Algo Boost Series: Part 1 Nexus 3548 Latency Innovations

October 5, 2012 - 1 Comment

The Nexus 3548 with Algo Boost was announced last week and received a lot of positive buzz around this game changing innovation. To follow up on Berna Devrim’s Introduction Blog, I am introducing a multipart series that goes into more specifics by Cisco experts. As part 1 of the series, I recently had the opportunity to have a chat with Will Ochandarena about the latency enhancements. Will is a Senior Product Manager in the Server Access and Virtualization Business Unit.  In this role, he is responsible for the Nexus 3548 switch, and Cisco’s low latency switching strategy.

GD: The Cisco Nexus 3548 switch with Algo Boost was announced on September 19th and received a lot of positive attention. Can you elaborate a little more on the latency that this switch can achieve? How does this benefit our financial customers?

<WO>: The custom switching ASIC in the Nexus 3548, codenamed Monticello, sets a new bar for switching latency.  Our engineers worked tirelessly to eliminate unnecessary nanoseconds from the forwarding path, tweaking it down to as low as 190 nanoseconds (ns).  Best of all,  this latency is achieved even when we are doing full layer-2 and layer-3 switching, with features such as Network Address Translation (NAT) enabled.   We actually went as far as to offer a few different switching modes, each with different latency and forwarding characteristics, in order to give our customers the most flexibility in their deployments.

In terms of the impact on our end customers, we consistently hear from companies in the financial community that switch latency has a direct impact on the profitability of their business. Trading firms – as well as the exchanges and other participants – gain significant business advantage if the supporting infrastructure enables them to acquire data and execute trades nanoseconds faster than the competition.

GD: Can you tell me some more about the different latency modes? Are they configurable?

<WO>:  Sure, like I mentioned earlier, the Nexus 3548 has three different forwarding modes with different latency and forwarding characteristics.  Here is a run-down of these different modes:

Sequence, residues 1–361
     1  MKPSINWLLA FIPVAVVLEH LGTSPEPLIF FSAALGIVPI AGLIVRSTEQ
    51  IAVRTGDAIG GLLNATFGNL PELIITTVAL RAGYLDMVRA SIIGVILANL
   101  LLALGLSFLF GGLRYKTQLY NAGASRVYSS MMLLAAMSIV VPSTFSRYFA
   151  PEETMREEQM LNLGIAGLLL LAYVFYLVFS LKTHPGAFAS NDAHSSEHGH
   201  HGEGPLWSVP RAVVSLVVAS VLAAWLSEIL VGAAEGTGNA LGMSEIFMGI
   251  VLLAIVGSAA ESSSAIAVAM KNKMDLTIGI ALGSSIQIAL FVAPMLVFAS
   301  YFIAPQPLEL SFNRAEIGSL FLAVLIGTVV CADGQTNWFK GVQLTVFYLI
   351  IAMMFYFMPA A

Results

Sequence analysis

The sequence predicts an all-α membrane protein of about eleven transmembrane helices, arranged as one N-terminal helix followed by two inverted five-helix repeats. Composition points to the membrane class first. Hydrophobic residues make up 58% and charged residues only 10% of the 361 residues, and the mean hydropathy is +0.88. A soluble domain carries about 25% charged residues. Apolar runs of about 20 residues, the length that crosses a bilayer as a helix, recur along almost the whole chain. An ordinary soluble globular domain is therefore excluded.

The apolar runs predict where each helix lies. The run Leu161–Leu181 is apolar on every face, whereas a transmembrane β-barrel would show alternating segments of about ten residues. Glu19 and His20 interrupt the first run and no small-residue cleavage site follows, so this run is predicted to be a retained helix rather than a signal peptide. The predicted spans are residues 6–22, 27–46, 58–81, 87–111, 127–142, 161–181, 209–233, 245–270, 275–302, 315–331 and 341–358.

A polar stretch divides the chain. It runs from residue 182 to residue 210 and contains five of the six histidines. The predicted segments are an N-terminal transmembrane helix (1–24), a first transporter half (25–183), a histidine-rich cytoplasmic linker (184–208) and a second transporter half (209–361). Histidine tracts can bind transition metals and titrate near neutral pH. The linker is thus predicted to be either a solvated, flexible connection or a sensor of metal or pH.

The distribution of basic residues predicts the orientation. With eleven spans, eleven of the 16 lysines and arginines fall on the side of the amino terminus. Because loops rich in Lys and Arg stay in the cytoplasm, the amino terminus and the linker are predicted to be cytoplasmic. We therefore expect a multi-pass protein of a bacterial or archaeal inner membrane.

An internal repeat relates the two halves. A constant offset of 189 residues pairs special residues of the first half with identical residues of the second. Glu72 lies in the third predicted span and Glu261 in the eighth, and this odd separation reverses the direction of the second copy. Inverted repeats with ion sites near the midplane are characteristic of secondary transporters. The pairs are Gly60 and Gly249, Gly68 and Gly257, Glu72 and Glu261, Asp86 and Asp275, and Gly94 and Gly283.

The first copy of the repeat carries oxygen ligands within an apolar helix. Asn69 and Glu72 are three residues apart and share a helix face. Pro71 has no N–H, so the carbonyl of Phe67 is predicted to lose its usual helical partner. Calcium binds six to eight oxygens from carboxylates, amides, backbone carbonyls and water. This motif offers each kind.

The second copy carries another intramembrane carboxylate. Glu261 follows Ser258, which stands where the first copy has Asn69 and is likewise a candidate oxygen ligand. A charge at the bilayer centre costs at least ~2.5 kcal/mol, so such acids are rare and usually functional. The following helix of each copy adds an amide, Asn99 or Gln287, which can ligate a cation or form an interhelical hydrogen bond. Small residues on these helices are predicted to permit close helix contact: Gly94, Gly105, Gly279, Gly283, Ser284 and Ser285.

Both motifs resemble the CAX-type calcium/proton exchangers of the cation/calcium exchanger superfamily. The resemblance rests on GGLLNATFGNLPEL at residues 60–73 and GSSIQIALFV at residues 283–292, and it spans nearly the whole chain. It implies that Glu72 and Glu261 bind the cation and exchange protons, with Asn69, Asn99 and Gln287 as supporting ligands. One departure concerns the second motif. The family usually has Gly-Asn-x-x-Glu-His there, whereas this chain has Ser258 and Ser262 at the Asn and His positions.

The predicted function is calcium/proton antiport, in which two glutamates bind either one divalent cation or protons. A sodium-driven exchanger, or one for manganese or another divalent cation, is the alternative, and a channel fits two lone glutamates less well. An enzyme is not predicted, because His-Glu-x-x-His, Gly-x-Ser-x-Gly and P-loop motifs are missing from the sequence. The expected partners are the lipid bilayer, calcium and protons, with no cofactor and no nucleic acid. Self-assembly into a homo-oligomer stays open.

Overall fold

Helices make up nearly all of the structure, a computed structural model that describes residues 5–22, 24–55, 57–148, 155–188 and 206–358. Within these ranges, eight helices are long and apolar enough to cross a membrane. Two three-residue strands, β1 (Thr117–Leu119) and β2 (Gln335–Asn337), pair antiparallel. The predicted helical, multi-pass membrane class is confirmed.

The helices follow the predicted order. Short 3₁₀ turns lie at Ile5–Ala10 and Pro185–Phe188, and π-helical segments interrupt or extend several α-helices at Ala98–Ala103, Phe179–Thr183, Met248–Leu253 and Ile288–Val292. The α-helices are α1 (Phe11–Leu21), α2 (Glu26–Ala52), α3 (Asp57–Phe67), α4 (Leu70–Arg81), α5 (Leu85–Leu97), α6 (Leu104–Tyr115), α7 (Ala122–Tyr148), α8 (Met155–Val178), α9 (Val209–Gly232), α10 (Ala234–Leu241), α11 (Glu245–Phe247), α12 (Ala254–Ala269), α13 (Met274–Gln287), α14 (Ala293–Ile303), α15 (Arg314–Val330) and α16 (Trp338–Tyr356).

The default operating mode of the Nexus 3548 is what we call Normal Mode.  In this mode, the Nexus 3548 is extremely feature rich and scalable, while forwarding packets at ultra low latencies of about 250 nanoseconds.

For those customers where latency is everything, the device can be globally configured for Warp Mode.  In this mode, the latency is slashed to 190ns, and the main difference is the table sizes of the device are reduced to a level that is still higher than the typical configuration mode for financial trading applications, with 4000 unicast routes, 8000 multicast routes, and 8000 hosts.

No matter what the global mode of the Nexus 3548 is, Normal or Warp, customers can take advantage of an innovative feature called Warp SPAN.  In this mode, all traffic entering the switch on a single 10G port (port 36 to be exact) is copied to a configurable set of egress ports at a never before seen latency of 50ns or less.  Best of all, the traffic entering port 36 of the switch still passes through the normal forwarding pipeline, so this interface can be used to establish peering adjacencies with upstream providers. This feature is ideal for the efficient delivery of multicast stock market data to a set of servers commonly referred to as “feed handlers”.

GD: Can you give a little more details on Warp SPAN? 50-nanosecond latency is insane!

<WO>: It is insane, and it is features like this that remind us why we invest in our own silicon.  Typically, multicast market data enters a network switch at the customer edge and passes through forwarding logic that decides which streams need to go to which downstream feed handler servers.  However, we heard from customers that in some small colocation environments the feed handler servers want to receive all multicast feeds coming from the provider.  This means the typical routing and filtering logic the traffic passed through was overkill.

Basically, the idea behind Warp SPAN was to shortcut traffic from the ingress port directly to the egress ports specified by the network administrator, bypassing the routing and filtering logic.  This is what saved us about 140ns of latency compared to our lowest latency switching mode.  Like I said earlier, this traffic is also sent into the normal forwarding pipeline, so it can be routed normally to a different set of egress interfaces, or to the switch CPU to establish routing protocol adjacencies.

GD: With all the buzz generated last week, customers and partners are eager to purchase and deploy. When will the Nexus 3548 be orderable and shipping?

<WO>:  The Nexus 3548 is orderable today.  We expect shipping to begin sometime in November 2012.

I’d like to thank Will for this valuable information. To see more info on the Nexus 3548, watch this video:


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  1. …Astounding accomplishment in latency reduction with the routing and filtering overkill…just nice and easy move…Thanks for sharing such spectacular accomplishment!…my respects and regards from Puerto Rico…